Update: There is an ISC West panel session titled, "How to Deploy a Cyber 'Hardened' Access Control System for Enhanced Security," on Thursday, April 12, 2018 from 2:30-3:30 p.m. at Sands room 302 on Level 1. The panel moderator is Matt Barnette, President of Mercury Security, and panelists include Bill Bozeman, President and CEO of PSA Security Network, and Sal D’Agostino, founder and CEO of IDmachines. This is a don't miss session for those who are responsible for operating or deploying and maintaining video surveillance systems.
2. Cloud Security. For cloud companies: Do you have a published vulnerability handling policy and documentation describing your company’s product (or cloud service) security program?
Cybersecurity professionals look for the three indicators of a cloud vendor’s cybersecurity maturity:
- Product hardening guide.
- Security vulnerability handling policy.
- Descriptive documentation of the company’s product security program.
You don’t need to ask this question of the companies who have hardening guides. Most of the security industry companies with hardening guides also have published vulnerability handling policies, and many have descriptive documentation about the product security program or internal cybersecurity team. Yet many security industry companies still don’t have a clear idea of what a product security program is. Listen closely to how vendors answer this question, as the differences between answers can give you insights into the relative ranking of vendors.
3. Cloud Characteristics. How specifically does your cloud-based offering make use of the six key characteristics of cloud computing?
There are several companies who have products that are supported or augmented by cloud-based services, as opposed to companies with fully-cloud based offerings. When you hear the word “cloud” be sure to understand what functionality resides in the cloud and why it is in the cloud. Sometimes the product is cloud-hosted but was not built as a cloud-native application. This question will tell you how well cloud engineering has been applied to the system or application.
4. Risk Scenarios. What types of risk scenarios do your new features address?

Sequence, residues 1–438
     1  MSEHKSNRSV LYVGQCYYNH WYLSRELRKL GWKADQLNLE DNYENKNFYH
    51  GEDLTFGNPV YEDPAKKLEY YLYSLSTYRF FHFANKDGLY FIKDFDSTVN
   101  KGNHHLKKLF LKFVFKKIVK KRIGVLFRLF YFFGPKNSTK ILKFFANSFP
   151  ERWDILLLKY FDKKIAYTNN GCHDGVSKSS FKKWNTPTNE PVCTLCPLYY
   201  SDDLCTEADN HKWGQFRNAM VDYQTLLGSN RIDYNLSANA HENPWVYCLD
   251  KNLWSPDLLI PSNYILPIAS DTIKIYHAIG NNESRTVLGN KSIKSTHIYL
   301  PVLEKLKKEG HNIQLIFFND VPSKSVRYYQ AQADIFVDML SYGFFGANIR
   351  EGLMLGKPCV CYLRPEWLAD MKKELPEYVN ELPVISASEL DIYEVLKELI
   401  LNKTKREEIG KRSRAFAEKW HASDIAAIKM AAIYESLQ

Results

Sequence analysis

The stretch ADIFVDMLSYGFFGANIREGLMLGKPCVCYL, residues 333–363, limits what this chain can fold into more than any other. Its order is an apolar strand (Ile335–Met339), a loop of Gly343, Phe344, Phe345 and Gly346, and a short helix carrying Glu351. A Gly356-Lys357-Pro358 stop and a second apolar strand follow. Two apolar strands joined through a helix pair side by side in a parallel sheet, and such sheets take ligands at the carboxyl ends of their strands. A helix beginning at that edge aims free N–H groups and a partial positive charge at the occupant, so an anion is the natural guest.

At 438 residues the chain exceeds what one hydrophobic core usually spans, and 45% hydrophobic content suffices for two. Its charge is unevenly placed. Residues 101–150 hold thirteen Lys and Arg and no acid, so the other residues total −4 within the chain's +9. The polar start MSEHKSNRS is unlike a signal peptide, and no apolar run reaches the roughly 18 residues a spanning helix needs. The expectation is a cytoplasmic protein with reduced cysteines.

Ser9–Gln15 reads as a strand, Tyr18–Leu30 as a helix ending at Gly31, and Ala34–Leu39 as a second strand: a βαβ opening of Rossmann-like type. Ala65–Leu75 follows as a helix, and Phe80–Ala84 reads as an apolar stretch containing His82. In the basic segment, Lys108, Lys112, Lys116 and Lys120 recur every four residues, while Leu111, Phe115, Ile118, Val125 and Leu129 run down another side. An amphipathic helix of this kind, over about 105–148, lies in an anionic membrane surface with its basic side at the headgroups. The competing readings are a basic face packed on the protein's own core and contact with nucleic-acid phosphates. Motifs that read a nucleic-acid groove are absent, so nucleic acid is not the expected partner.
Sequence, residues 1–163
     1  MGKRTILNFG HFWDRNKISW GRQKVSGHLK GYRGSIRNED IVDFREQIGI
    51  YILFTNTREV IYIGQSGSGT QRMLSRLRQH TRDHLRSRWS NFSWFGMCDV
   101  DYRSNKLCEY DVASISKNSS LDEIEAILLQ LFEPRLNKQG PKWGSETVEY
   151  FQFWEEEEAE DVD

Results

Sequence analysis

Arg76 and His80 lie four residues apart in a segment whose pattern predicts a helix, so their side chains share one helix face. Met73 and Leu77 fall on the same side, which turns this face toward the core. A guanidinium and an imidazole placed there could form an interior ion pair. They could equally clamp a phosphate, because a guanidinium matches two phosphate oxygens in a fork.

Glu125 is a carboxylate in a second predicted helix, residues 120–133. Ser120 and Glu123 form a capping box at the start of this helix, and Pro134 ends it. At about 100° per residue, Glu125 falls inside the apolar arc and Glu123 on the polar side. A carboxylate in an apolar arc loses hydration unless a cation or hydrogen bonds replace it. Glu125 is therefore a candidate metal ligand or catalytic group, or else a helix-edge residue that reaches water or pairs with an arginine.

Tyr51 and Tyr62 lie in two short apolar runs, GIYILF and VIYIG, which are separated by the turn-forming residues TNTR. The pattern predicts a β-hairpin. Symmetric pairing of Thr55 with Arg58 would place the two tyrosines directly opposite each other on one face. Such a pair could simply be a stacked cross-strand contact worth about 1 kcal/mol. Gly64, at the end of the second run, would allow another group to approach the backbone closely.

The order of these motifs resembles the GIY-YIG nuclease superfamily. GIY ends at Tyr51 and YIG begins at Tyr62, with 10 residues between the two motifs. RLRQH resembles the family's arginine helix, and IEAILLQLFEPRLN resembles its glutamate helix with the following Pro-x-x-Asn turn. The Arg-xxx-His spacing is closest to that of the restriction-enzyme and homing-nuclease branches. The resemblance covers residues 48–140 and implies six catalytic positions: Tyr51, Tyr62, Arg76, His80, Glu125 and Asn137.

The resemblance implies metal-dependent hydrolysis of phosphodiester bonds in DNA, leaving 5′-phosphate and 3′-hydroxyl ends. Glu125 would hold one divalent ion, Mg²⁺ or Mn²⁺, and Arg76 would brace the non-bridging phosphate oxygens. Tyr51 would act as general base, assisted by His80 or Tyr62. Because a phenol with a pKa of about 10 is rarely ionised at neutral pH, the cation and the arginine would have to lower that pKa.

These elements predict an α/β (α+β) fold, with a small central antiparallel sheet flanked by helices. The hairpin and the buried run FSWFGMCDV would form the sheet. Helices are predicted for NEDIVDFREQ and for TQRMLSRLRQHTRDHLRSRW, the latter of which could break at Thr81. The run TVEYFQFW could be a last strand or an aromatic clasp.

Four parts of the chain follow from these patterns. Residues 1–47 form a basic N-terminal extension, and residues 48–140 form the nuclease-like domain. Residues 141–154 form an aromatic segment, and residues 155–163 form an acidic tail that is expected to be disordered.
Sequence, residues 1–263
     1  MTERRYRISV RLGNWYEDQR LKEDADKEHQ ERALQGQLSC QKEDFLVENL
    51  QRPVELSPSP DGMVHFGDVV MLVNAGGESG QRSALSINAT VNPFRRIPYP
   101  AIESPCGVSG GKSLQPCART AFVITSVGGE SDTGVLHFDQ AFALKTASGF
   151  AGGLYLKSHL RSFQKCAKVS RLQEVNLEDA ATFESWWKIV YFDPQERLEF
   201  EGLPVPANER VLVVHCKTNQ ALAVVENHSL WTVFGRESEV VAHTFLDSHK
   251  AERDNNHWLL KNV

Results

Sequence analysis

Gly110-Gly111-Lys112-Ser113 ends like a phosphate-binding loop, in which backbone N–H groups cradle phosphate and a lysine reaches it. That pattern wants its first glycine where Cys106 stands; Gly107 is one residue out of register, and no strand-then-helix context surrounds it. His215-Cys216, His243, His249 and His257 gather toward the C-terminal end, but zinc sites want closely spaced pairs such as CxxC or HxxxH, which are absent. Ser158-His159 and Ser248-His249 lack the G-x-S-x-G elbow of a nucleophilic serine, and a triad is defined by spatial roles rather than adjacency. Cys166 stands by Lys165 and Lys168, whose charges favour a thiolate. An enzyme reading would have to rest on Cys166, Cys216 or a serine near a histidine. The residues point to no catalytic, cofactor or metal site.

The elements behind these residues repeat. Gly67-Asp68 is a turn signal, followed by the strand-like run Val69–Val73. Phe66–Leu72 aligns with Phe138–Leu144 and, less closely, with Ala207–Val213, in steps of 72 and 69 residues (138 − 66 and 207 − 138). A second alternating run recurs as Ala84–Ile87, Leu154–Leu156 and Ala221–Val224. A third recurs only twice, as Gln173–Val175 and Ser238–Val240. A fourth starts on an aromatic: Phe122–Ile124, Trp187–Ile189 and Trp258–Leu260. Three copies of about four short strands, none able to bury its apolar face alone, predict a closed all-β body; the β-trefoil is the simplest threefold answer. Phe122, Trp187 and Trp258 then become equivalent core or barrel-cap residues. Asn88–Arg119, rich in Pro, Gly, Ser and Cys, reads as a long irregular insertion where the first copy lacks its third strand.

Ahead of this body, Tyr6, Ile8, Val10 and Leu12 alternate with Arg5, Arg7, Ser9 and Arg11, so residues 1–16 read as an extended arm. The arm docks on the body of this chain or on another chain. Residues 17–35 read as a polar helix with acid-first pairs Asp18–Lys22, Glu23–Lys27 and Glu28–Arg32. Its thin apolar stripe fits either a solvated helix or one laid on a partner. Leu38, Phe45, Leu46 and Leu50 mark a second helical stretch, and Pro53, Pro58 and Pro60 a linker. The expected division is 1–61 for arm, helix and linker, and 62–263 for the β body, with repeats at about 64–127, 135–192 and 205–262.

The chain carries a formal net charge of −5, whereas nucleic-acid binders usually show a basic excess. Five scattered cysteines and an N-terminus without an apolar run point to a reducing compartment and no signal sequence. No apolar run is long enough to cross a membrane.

Vendors should be able to describe the risk situations that the new features were designed to address. Before the new feature, how did things work? Now how will they work using the new feature? Hopefully, there will be a significant difference.
5. Artificial Intelligence (AI). Ask about AI algorithms and data models.
Some systems use AI in the cloud, and some have it built into product firmware, while some systems utilize both on-site and cloud-based AI.
Where do the AI algorithms reside? Who develops and improves the AI algorithms? How does the product get updated for AI improvements? Does it build a data model? Where does the data model reside? How it is backed up? Who owns the data model that is built with your company’s or your facility’s data? What format is the machine learning data in and how do you back it up?
6. Intelligence Augmentation (IA) and Machine Learning. How does the IA functionality of the system help with security response? What does machine learning to do make the system, and my security personnel, more effective?
Intelligence augmentation (IA) is where humans and computers solve significant problems cooperatively. Two good examples are BriefCam (#31086) video synopsis and the analytics from Qognify (#30056) used at the Miami International Airport and elsewhere. IA is a significant time compressor and force multiplier, whereby a single individual with an IA tool can in minutes do work that without it would take several hours or days.
7. Open Platform. Does the platform have an Open API, meaning that it’s published online and freely available? What type of API is it (such as REST, SOAP, RPC)? What are some examples of its use?
Some platforms are more “open” than others, and some APIs are more mature than others (a function of time and product advancement). It can be helpful to hear about examples of how the API is used for systems integration. Some are mostly used by technology partners, and others are very useful for IT department integrations with customer applications, such as with an Identity Management System for physical/logical access control system integration.
8. Standards. What encryption standard is used or what version of network protocol is used?
The use of outdated encryption and network protocols introduces cybersecurity vulnerabilities. This was a sore point in the industry just a few years ago but is better now and keeps improving.
9. Infrastructure Management. What new features do you have that improve the management and administration for large-scale deployments?
This is a key question to have if you have multiple facility deployments or sites with high device counts.
About the Author:
Ray Bernard, PSP CHS-III, is the principal consultant for Ray Bernard Consulting Services (RBCS), a firm that provides security consulting services for public and private facilities (www.go-rbcs.com). He is the author of the Elsevier book Security Technology Convergence Insights available on Amazon. Mr. Bernard is a Subject Matter Expert Faculty of the Security Executive Council (SEC) and an active member of the ASIS International member councils for Physical Security and IT Security.